It's a question I am asked all the time, and one that doesn't always have a simple answer. Some want to know if I have a secret spot somewhere that they can try out. Some ask because they want a deal and are hoping that I know of one, and some have never really travelled before, and can't fathom not staying in a name-brand hotel, so are just curious. 

But, there is no one answer to that question, as where I stay changes every trip I take. It is based on how long I am travelling for, where I am going, how much money I have to spend, whether I am alone or with friends, and many, many more factors. 

For example, on a recent adventure, I stayed in a hostel, a hotel, a riad, a tent and a guest house — all over only 10 days!

I flew into London and knew that I wanted to stay in the city centre so I could easily walk, or take the tube, to the sights that I wanted to see. I also knew that because it was the middle of July and the most expensive time of year to travel in Europe, a hotel was not an option for me. I was travelling alone, and only spending one night in the city, so knew I would be fine with just crashing in a hostel.

I managed to get a bed in a four person female dorm (not usually my first choice) in the Piccadilly Backpackers (see image above) — located less than a block from the Piccadilly tube station and square of the same name — for 35 GBP (approx. 70 CAD). Not cheap when you look at the conversion, but still cheap for central London. The room was simple and clean. The communal showers had hot water, decent water pressure, and there was free wi-fi in the common area. It was safe, central and easy to find. The perfect crash pad. 

The next night, I needed a place to stay near Gatwick Airport, as I had a really early flight the following day. I ended up staying at the Ibis Hotel near the airport for 35GBP (approx. 70 CAD) — the same price as my centrally located hostel. What I got here, however, was a modern, clean hotel with all the amenities, my own room, TV, wi-fi, and room service. It's amazing the difference being 20 minutes out of the city will make! 

Since I started travelling when I was really young and on a shoestring budget, my first instinct is to always look for the cheapest place to sleep. But when I decided to spend a week in Morocco solo, I knew that throwing out a few extra dollars every night would get me a stunning room in a historic riad. (Plus, I am a Flashpacker now. I don't have to travel on a shoestring budget anymore!)

The view of the plunge pool from my first room at the Hotel du Tresor Riad

I found an incredible place to stay through my Lonely Planet guide (it comes in handy when booking from afar!), and made the Hotel du Tresor (highly recommended — message me if you want more info.) in Marrakesh my home base.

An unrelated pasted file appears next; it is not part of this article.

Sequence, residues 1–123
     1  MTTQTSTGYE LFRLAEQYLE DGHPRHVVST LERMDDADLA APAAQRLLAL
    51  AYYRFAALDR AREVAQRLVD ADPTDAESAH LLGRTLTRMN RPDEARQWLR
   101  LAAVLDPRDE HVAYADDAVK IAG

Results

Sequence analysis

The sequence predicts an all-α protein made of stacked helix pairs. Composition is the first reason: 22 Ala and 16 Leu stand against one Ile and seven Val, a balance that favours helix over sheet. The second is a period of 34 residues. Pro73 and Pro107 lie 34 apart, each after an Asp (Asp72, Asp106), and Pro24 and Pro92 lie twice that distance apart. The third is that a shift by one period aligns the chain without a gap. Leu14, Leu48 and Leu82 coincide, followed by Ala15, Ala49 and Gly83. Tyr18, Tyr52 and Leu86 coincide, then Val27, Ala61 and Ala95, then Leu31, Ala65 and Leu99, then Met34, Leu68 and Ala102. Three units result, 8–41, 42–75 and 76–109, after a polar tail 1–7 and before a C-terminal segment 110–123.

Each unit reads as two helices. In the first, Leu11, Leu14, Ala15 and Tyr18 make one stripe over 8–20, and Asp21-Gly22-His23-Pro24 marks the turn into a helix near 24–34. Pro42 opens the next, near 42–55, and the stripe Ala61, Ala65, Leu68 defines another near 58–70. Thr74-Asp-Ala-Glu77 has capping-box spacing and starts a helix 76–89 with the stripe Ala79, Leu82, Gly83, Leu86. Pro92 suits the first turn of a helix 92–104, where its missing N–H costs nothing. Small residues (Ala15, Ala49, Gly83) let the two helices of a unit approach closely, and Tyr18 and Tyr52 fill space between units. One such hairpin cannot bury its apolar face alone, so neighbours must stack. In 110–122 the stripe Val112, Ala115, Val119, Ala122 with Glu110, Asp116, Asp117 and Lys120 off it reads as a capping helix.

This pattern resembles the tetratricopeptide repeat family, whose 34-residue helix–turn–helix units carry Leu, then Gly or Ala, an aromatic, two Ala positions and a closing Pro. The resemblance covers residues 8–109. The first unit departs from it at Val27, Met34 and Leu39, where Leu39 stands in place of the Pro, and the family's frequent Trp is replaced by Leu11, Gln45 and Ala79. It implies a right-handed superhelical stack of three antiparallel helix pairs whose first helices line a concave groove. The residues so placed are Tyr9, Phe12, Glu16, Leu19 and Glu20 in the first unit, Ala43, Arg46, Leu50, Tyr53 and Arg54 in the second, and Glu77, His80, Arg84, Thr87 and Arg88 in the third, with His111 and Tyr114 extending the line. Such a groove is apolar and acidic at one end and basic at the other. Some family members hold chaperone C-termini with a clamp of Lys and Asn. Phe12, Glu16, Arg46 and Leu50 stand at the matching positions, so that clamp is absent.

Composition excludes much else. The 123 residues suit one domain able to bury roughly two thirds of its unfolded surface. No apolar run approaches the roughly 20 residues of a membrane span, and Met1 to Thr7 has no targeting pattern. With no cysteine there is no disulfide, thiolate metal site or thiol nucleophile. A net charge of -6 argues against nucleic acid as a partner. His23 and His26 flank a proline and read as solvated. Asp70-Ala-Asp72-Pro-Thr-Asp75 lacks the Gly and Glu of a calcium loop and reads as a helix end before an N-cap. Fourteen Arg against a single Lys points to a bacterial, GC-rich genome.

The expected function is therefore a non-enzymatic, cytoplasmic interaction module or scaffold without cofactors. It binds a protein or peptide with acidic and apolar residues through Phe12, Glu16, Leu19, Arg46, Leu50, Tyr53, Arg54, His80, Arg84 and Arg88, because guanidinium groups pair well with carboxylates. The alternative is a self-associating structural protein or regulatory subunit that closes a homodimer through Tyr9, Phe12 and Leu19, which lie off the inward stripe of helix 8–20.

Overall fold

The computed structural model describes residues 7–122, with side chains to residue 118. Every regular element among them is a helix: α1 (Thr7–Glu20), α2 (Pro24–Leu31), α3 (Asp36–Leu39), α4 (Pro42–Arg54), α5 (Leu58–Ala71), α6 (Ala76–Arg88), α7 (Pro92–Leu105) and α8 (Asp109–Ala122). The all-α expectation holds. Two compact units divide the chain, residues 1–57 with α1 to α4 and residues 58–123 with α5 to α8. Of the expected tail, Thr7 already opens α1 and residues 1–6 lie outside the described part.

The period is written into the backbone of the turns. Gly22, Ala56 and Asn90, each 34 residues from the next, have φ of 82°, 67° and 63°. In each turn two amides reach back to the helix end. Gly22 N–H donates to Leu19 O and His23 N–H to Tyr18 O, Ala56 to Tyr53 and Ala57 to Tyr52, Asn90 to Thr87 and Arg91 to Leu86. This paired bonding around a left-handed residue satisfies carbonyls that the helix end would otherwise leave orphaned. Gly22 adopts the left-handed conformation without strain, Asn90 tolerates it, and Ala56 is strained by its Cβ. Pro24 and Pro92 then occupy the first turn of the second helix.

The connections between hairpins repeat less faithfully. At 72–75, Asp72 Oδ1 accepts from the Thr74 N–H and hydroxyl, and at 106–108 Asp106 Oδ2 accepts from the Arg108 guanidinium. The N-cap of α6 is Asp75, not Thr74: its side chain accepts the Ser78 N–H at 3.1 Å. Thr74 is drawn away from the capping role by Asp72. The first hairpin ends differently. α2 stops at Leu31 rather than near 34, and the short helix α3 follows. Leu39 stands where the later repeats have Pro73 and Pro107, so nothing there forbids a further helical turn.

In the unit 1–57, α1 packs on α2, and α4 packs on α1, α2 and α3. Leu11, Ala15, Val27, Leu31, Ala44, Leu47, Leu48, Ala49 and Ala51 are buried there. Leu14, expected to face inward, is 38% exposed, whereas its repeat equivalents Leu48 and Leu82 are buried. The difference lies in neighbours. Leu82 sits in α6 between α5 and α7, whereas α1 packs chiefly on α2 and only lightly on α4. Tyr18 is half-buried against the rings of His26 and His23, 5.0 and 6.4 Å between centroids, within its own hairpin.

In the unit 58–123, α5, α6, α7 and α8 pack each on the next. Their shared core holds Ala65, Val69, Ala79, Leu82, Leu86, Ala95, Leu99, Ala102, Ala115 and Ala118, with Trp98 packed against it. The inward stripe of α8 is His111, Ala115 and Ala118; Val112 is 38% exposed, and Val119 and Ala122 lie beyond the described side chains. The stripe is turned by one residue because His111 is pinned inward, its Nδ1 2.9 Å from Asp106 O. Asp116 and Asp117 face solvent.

A traditional riad, the hotel was a series of whitewashed rooms draped in Moroccan carpets, pillows, lanterns, and art, that surrounded an internal courtyard with a plunge pool. The pool was what sold me on the place when I looked at it online because it was private, secluded and would be a must-have on +45 days. My room was 35 Euros (approx. 50 CAD) a night which included an impeccably decorated space with AC, a private bathroom, use of the pool, free breakfast, and an incredibly kind group of staffers who helped me navigate the country. 

The view from my bed in the Bedouin tent.

After a few nights in the riad, I spent one night in a Bedouin tent in the desert.

Something to note: The desert does NOT cool off at night in the heat of summer.

It was like sleeping in a sauna. There was no breeze, no AC, and the walls, floors and ceiling of the tent were draped in thick carpets making it pretty stifling. There were four of us that slept on small mattresses on the ground. The shared facilities were a three minute walk from camp and as basic as it gets (aka, a hole in the ground and a bucket with some water in it).

The night was part of a mini-tour I was on, and included dinner and breakfast. The meals and sleeping part of the tour probably works out to being about 40 CAD.

My room at the Hotel La Petite Suede in Agadir, Morocco

After the desert, I spent two nights in a guesthouse in a beach town called Agadir. The place I stayed was called the Hotel La Petite Suede and cost me 110 Dh a night (approx. 14 CAD). This got me a large, safe room with my own bathroom, and a simple breakfast of baguettes, jam and coffee in the morning. There was no AC, but there was a large window, and it was only a five minute walk to the beach.

(NOTE: I was in Morocco in the offseason and the prices I paid could be doubled, or even tripled in the high season.)  

Here are a few things to consider when you are trying to figure out where to stay: